This is the story of how the development and QA teams work together and deliver a world-class product.
Dev and QA, sitting in a tree, K-I-S-S-I-N-G…
I know I went back to early childhood for that saying, but the reality is that’s really how it should be done. They should be all up in each others busine… nah, just kidding, it’s not quite that extreme. It is however a good way to look at it.
Establishing a good rapport with your development team is very crucial to any project or endeavor, however this is not always an easy task. Each team member will have their own style and personality, and this will lead to teams that each have a unique dynamic. Ferreting out these unique personalities is one of the most important things you can do during the early stages of any project. Once you have a good handle on who all you have on your teams, the real fun begins.
One of the biggest challenges that I have faced in trying to put this plan into place in my current position has been the fact that a large part of my team is based in a different state (3 time zones away) than our developers, and it makes it difficult for people to keep each other in mind. Trying to tie a team together into a peer programming type of model is difficult when only 2/3 of the team is in the room for 3 out of 4 weeks a month. The old “Out of sight, out of mind” saying definitely applies here.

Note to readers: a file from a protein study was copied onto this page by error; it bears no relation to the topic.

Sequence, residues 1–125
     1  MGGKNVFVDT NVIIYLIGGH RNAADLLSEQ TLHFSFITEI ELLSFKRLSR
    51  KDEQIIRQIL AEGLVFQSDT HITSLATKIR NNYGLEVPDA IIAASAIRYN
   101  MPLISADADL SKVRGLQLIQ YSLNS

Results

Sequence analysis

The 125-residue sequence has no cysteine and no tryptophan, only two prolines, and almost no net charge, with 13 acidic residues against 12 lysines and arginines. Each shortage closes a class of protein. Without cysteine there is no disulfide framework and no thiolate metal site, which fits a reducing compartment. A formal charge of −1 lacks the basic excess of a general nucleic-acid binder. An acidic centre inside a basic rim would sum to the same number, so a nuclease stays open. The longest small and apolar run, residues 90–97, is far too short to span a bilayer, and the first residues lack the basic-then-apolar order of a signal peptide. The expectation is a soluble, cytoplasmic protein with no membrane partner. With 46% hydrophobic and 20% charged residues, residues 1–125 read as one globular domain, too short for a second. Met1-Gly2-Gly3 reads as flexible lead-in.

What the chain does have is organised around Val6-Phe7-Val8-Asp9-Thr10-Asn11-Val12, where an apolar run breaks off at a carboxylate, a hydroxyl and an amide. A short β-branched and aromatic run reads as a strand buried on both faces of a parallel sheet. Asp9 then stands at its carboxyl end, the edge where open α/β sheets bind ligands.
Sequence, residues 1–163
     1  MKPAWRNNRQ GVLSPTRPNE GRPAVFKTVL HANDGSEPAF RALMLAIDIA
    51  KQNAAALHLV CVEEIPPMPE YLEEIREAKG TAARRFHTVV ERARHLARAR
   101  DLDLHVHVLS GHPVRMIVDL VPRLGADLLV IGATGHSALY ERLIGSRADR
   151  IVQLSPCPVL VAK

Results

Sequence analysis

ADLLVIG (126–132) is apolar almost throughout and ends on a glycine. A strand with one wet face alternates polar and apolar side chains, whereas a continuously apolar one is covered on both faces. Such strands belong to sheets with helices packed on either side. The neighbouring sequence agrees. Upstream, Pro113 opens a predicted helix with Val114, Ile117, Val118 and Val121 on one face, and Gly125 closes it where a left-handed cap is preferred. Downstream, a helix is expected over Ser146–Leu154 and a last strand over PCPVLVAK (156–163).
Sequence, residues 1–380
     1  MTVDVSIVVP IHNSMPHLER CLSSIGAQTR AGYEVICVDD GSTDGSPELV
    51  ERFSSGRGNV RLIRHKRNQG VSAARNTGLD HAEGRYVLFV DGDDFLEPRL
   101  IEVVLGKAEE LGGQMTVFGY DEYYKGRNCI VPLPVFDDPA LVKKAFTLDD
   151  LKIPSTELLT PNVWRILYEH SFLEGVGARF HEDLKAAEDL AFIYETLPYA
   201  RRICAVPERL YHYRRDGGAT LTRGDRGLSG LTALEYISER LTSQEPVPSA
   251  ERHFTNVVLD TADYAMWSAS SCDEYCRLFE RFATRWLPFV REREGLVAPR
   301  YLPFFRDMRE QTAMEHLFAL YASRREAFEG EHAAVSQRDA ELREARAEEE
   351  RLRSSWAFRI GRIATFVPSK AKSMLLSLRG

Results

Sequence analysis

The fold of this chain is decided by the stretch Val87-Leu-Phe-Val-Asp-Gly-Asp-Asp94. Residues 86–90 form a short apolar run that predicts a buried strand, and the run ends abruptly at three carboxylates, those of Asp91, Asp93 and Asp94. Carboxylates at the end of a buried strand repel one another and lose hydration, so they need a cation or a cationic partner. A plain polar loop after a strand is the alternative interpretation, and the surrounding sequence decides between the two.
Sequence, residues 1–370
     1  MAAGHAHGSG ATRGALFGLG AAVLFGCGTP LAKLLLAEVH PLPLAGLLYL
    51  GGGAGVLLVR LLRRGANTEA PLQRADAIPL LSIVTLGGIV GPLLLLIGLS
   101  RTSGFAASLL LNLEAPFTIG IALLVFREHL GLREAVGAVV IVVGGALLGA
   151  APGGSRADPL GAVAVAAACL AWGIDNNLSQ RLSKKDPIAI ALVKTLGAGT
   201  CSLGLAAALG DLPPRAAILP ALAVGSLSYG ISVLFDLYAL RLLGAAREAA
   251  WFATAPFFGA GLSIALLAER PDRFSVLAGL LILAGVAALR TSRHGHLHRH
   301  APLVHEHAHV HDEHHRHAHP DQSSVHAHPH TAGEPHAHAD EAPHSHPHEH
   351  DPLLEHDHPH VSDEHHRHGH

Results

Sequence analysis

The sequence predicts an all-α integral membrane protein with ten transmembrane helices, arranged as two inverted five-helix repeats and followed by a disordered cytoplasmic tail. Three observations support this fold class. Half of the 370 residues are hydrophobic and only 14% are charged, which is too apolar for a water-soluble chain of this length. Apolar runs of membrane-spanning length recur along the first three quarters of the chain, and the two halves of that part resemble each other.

So how do we combat this very vexing scenario? One of the things that I have tried to put into place, is a good deal of documentation, as well as a healthy dose of open communication around deliverables. For documentation, we use a couple of different tools.
- All of our requirements and visual designs are documented in Confluence, and it is considered our “system-of-record” in regards to how the app should behave.
- For all of our “acceptance criteria”, we use an incredible app call TestRail. For all intents and purposes, the acceptance criteria are nothing more than self-enclosed test plans for each feature that we are delivering, and TestRail manages this for us perfectly.
- The ever-present JIRA is the tool we use to manage our actual work product.
Between these three applications, we can pretty easily document what work needs to be done, what work has been done, and what work has been tested and is ready for production. This provides a very clear indicator to all parties what needs to happen, who is responsible for each piece, and allows us to ensure that we have a very solid application being delivered.
At the heart of all of this, the most important thing is communication. Without very clear, and constant, communication, it does not matter what systems you have in place, or how good your people are, ultimately, the fate of your project will be in jeopardy.
PS. Yes, we can all get along…we just have to talk!